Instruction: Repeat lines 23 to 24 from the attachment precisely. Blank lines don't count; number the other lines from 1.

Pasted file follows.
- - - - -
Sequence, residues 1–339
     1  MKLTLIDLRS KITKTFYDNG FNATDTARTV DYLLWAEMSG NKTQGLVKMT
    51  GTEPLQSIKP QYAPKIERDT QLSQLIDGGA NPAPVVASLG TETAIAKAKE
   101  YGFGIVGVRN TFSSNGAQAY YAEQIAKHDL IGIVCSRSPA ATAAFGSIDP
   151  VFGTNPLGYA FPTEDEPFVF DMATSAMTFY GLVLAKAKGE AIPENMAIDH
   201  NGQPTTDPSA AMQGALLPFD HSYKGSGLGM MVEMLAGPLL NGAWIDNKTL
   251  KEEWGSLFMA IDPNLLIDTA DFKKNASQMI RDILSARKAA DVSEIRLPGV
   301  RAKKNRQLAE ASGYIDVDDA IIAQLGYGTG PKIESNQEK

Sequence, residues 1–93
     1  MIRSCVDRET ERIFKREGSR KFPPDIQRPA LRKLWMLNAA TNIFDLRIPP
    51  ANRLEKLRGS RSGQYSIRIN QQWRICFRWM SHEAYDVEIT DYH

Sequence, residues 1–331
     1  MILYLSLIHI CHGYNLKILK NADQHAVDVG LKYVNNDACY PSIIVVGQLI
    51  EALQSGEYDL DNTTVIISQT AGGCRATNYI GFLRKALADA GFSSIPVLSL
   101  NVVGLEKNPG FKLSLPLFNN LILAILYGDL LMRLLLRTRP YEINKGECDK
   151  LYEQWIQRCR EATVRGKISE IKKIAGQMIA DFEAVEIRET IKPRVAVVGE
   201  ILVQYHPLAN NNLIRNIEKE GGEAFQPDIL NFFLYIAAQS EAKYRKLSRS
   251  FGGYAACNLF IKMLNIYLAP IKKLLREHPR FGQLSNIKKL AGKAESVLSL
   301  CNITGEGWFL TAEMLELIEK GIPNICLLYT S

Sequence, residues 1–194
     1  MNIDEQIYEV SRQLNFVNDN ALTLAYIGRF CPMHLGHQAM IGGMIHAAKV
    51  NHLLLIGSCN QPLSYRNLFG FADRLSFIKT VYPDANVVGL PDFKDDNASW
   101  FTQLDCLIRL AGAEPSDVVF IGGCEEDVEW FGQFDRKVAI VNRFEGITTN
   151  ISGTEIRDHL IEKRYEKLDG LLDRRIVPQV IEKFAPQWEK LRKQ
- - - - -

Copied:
   101  FTQLDCLIRL AGAEPSDVVF IGGCEEDVEW FGQFDRKVAI VNRFEGITTN
   151  ISGTEIRDHL IEKRYEKLDG LLDRRIVPQV IEKFAPQWEK LRKQ